Quincy—A crusading doctor played by a crusading actor
|Photo of Robert Ito as Sam and Jack Klugman as Quincy from the television drama Quincy. 1977. NBC Television. Via Wikimedia.|
The television series Quincy, or Quincy, M.E. [Medical examiner], aired between 1976 and 1983 in the US. One hundred forty-six episodes of this program were televised. Quincy was originally conceived as a crime drama, with the police helped by the ideas and findings of Dr. Quincy (no first name), a forensic pathologist working for Los Angeles County. This pathologist was hard-working, brilliant, and intolerant of corruption, incompetence, and negligence. He was tenacious in defending his conclusions and acted like a crusader to get people, laws, or situations changed for the protection of society. He was a loud, impatient extrovert. In addition, he was loyal to his friends and colleagues.
His boss was Dr. Astin. His other colleagues were Sam Fujiyama, his chief technician, who was highly capable, efficient, and used to Quincy’s personal preferences. Quincy had very frequent contact with Lieutenant Monahan and Sergeant Brill, two Los Angeles homicide detectives. Danny, a restaurateur and friend of all the other characters, had a place where the others gathered and described the conclusion of the case upon which each episode was based.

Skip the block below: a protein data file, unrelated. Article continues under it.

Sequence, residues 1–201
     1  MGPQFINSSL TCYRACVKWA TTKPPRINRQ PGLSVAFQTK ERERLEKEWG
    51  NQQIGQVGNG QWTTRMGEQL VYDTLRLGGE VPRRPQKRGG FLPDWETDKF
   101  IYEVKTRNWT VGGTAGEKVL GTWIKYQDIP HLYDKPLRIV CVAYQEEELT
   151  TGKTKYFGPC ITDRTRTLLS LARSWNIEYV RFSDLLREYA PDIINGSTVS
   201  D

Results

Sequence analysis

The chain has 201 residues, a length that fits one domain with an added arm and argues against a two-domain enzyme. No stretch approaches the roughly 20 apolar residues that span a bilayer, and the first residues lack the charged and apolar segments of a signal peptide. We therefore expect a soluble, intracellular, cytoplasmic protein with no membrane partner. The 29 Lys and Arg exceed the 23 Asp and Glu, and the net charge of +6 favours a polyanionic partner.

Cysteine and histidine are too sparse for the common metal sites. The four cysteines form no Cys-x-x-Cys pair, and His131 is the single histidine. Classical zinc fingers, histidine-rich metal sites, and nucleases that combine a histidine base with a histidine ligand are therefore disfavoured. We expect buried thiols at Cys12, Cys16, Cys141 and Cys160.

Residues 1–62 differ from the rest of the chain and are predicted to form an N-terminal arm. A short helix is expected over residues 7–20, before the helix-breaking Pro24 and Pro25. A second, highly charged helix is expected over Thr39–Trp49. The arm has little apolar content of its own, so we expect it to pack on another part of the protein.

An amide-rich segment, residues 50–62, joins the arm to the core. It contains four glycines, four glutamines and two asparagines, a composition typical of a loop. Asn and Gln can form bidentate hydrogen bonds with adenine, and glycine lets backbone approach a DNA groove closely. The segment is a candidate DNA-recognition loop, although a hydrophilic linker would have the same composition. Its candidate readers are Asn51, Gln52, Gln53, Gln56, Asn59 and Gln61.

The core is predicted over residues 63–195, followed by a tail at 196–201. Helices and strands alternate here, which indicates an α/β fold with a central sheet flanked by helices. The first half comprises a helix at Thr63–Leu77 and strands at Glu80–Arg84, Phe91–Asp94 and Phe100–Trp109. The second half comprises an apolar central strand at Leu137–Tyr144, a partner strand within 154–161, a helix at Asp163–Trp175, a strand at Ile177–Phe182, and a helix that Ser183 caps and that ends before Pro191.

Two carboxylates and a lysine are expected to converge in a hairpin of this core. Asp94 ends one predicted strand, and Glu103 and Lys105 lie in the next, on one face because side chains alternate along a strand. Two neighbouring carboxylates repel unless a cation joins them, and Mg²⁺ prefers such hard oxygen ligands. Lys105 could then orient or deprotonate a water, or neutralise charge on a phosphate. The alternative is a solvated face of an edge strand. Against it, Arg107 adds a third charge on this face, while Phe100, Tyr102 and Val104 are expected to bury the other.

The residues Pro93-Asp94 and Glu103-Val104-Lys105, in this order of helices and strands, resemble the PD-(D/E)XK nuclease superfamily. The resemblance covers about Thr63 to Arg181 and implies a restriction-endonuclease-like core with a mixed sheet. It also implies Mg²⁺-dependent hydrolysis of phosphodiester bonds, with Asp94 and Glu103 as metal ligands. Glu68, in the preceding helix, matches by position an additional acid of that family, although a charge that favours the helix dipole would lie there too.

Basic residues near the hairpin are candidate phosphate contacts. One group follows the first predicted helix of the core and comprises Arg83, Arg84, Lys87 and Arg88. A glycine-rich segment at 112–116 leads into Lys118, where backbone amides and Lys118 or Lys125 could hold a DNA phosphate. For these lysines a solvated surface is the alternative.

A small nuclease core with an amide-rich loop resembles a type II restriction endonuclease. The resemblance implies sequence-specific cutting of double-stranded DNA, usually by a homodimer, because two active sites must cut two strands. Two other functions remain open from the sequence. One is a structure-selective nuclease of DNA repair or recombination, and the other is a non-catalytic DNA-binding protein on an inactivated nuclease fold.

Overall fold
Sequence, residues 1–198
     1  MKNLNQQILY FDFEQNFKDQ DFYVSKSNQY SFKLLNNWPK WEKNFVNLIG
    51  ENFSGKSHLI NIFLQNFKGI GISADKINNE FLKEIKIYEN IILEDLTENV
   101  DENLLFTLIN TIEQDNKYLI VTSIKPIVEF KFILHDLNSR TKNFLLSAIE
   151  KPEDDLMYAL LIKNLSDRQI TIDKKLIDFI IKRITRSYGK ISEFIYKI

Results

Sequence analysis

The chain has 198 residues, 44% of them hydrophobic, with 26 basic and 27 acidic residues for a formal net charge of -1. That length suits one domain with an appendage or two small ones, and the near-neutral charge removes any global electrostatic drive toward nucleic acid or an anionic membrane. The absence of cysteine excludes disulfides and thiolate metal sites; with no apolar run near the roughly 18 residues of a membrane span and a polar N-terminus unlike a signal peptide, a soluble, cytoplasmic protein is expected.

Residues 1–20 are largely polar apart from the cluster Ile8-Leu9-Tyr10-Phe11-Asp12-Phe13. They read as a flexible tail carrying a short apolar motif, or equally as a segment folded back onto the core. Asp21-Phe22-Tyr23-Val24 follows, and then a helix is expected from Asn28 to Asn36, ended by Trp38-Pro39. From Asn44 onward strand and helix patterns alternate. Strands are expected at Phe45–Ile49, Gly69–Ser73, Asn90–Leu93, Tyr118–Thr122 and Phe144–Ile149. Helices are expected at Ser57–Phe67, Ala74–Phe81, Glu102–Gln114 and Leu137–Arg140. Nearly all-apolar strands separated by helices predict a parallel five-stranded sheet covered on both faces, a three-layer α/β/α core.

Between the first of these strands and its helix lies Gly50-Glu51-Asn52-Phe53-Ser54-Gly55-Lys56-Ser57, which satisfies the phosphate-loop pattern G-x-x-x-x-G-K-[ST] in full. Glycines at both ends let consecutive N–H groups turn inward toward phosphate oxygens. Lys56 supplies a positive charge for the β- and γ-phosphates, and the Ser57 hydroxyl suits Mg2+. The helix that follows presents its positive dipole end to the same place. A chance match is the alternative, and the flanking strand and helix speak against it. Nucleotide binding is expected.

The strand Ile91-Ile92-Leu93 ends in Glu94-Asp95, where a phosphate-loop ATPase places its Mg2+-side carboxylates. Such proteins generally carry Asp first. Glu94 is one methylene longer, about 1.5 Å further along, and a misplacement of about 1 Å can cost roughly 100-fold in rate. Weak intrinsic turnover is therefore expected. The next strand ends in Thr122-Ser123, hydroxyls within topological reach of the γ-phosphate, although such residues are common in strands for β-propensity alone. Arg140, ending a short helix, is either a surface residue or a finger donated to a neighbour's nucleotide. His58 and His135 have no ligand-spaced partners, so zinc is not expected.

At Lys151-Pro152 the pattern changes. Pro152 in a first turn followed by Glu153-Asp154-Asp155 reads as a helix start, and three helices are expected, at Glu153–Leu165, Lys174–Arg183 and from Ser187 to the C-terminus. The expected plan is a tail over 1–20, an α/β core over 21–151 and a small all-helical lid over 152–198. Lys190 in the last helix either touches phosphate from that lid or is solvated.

Interestingly, the character of Quincy, probably based on Dr. Thomas Noguchi (born 1927), the one-time Los Angeles County chief medical examiner and “coroner to the stars,”1 was very similar to the actor, Jack Klugman (1922–2012), who played him, even though the role had not been specifically written for Klugman. Klugman’s forceful suggestions made the producers change the orientation of the program from a detective story to a series often with an educational goal. “There’s got to be some value on TV, you can’t just have screeching tires,” Klugman said.2
Among the problems dramatized on the program were: autism, trisomy-21, agoraphobia, post-traumatic stress disorder, alcoholism (both in adolescents and in adults), substance abuse, adolescent suicide, child abuse, elder abuse, houses built on toxin-containing landfills, sexually transmitted infections, Tourette syndrome, hand gun availability, life-threatening fraternity hazing, orphan drugs, adult illiteracy, sudden infant death syndrome, and the question of brain death and the timing of organ transplantation. Most of these problems have persisted in the forty years since Quincy was filmed.
In the series, the medical profession was also criticized for practices inimical to the health of patients or to the public at large. These practices included: medical negligence or incompetence, biased expert witness testimony, disregarding chain-of-evidence procedures in collecting medical evidence after a suspected rape, “ghost surgery,” in which the surgeon of record is not present during a procedure and is performed by a more junior surgeon or resident, and the need for regional trauma centers. Quincy, in effect, “was a show about humanity disguised as a crime and forensics show.”3